In 1920, black farmers in this country owned some 15.6 million acres of land, but by 1999 that number had fallen to two million. In 1910, there were nearly one million black farmers in America. In the year 1999, only 18,000 remained, and statistics showed that black farmers were disappearing at a rate five to six times that of white farmers.
Leah Penniman, farmer and educator at Soul Fire Farm in the Albany, New York, area, attributes the virtual disappearance of Black farmers to decades of discrimination against Black farmers by the U.S. government – denying them farm loans, for example – and racist violence targeting land-owing Black farmers in the South.
But after 100 years in decline, Penniman writes for YES Magazine, Black farmers are making a comeback. She joins us this week to say that these farmers aren’t just growing healthy food, but just as importantly they are healing racial traumas, instilling collective values, and changing the way communities of black folks think about the land.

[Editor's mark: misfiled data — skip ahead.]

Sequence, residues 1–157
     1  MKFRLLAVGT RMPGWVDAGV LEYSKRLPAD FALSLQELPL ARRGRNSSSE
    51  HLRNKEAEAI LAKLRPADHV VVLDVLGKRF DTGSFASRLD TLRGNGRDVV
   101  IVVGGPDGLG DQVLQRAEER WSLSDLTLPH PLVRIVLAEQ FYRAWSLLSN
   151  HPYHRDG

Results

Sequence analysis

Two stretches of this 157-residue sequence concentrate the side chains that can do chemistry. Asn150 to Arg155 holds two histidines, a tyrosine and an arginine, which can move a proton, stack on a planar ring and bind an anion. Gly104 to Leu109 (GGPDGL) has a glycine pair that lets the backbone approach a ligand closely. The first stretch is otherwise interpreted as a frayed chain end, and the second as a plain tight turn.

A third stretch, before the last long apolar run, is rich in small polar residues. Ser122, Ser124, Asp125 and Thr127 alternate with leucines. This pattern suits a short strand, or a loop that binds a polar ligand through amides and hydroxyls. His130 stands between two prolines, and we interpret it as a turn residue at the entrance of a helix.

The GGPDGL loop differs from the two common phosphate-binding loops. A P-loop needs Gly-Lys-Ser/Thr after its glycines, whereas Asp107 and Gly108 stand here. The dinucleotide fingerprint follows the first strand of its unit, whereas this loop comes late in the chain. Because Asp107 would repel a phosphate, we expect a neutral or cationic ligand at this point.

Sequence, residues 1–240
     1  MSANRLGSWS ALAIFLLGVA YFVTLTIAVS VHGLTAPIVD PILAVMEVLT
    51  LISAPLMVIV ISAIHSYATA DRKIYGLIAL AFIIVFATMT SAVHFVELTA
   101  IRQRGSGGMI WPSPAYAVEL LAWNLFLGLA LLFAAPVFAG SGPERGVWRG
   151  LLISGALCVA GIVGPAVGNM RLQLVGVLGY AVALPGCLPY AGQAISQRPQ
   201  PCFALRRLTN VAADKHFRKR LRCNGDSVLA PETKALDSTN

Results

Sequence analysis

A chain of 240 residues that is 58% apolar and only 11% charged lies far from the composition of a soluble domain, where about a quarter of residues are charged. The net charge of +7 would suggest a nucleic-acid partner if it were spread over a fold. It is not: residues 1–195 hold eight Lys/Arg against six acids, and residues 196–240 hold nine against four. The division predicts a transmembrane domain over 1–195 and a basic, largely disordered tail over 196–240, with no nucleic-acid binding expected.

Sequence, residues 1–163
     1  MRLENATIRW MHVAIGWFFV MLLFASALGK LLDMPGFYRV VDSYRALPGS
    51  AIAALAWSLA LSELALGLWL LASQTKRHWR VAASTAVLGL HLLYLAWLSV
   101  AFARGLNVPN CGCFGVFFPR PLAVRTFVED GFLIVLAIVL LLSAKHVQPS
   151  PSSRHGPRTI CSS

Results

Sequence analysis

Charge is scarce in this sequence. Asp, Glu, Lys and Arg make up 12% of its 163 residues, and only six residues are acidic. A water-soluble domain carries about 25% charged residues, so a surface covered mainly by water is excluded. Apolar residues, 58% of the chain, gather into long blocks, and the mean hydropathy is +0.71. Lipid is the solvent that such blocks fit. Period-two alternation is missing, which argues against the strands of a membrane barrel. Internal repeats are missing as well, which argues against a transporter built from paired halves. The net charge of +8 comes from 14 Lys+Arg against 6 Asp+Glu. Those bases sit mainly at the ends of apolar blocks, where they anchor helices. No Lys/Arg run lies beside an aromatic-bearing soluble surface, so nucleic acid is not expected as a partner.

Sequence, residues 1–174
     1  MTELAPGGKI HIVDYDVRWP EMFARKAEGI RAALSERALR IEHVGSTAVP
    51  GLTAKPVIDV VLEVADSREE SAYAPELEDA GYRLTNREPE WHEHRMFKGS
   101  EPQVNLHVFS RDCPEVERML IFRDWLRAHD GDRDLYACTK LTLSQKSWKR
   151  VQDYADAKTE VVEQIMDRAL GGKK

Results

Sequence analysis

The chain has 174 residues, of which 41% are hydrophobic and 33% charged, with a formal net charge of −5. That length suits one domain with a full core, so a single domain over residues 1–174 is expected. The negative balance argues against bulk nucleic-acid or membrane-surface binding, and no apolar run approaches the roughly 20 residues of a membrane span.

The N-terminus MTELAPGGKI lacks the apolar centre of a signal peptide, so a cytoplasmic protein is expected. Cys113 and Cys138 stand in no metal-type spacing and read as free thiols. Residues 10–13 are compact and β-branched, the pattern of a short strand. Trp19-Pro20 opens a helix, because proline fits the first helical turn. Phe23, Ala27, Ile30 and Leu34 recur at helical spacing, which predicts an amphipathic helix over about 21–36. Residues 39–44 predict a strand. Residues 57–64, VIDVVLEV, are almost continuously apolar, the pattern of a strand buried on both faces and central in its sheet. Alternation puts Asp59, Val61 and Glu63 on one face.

Later in the show we talk with writer Gloria Oladipo about her essay in Teen Vogue describing why her therapist specifically needed to be a woman of color.
And in hot topics, we talk about drivers behaving badly.
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